Seadrill Partners LLC: Should Investors Chase This 12.2% Yield? Income Investors 2018-09-10 03:58:21 Seadrill Partners LLC Seadrill Partners SDLP SDLP stock dividend stocks Seadrill Partners LLC (NYSE:SDLP) pays investors a jaw-dropping yield of 12.2%. But can the company cover its payout? Here's the story. Seadrill Partners LLC Stock https://www.incomeinvestors.com/wp-content/uploads/2018/09/Seadrill-Partners-LLC-stock-150x150.jpg

Seadrill Partners LLC: Should Investors Chase This 12.2% Yield?

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This Double-Digit Yield Looks Interesting

If you have been following this column, you would know that master limited partnerships (MLPs) have become some of the highest yielders in the current stock market. Most MLPs come from the midstream energy sector. By operating midstream assets like transportation pipelines and storage terminals, these partnerships can churn out stable cash flows and pay hefty distributions.

Today’s article is about another energy partnership. But unlike most other MLPs, it is not in the energy transportation or storage business. Instead, I’m talking about Seadrill Partners LLC (NYSE:SDLP), which owns and operates offshore drilling rigs.

The partnership was created by deepwater drilling contractor Seadrill Ltd (NYSE:SDRL) and went public in 2012. Since then, Seadrill Partners has grown quite a bit by acquiring offshore drilling rigs from its parent company, as well as from third parties.

While this MLP is in the drilling business—which is known to be more volatile than midstream operations—it still seeks to maintain stable cash flows by pursuing long-term contracts. Right now, Seadrill Partners’ drilling rigs are under long-term contracts with some major players in the industry, such as Exxon Mobil Corporation (NYSE:XOM), Chevron Corporation (NYSE:CVX), and Total SA (NYSE:TOT).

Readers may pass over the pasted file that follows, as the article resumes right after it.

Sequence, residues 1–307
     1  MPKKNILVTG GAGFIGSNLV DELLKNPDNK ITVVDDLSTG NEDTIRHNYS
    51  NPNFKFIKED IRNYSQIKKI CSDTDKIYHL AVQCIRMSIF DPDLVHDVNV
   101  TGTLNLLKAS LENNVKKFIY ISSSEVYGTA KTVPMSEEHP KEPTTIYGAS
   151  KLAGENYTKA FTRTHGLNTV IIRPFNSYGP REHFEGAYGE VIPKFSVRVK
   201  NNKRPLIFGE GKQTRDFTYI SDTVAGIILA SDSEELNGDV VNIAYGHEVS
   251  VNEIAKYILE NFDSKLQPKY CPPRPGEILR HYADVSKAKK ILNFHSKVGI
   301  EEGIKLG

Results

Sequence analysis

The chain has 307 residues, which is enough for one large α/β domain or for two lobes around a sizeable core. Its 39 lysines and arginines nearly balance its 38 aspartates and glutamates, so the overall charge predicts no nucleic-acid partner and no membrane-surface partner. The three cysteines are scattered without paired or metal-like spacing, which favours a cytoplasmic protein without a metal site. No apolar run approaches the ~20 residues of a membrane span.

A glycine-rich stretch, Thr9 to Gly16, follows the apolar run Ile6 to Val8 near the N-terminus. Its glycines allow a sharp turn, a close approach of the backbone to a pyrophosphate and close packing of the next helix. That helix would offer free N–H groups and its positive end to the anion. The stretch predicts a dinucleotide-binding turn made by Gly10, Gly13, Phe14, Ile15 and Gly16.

Seadrill Partners LLC: Not a Market Favorite

Oil prices crashed big-time since the summer of 2014, and that has sent shock waves across the energy sector. Due to the nature of their business, drillers were some of the hardest hit companies during this downturn. Seadrill Partners, for instance, saw its unit price plunging more than 80% since its initial public offering (IPO). Ouch!

One of the consequences of a falling stock price is an elevated dividend yield. With a quarterly distribution rate of $0.10 per unit, SDLP stock offers investors a jaw-dropping annual yield of 12.2%.

An ultra-high dividend yield, especially from a beaten-down oil driller, does not look like the safest bet. In other words, before taking out your checkbook, it’s important to see whether the partnership can actually afford the payout. So let’s take a look at its financials.

SDLP Stock: Is the Dividend Safe?

Seadrill Partners LLC last reported earnings on August 21, 2018. In the second quarter of this year, the partnership generated total operating revenues of $418.1 million, representing a staggering increase compared to the $194.3 million earned in the first quarter. (Source: “Seadrill Partners LLC (SDLP) – Second Quarter 2018 Results,” Seadrill Partners LLC, August 21, 2018.)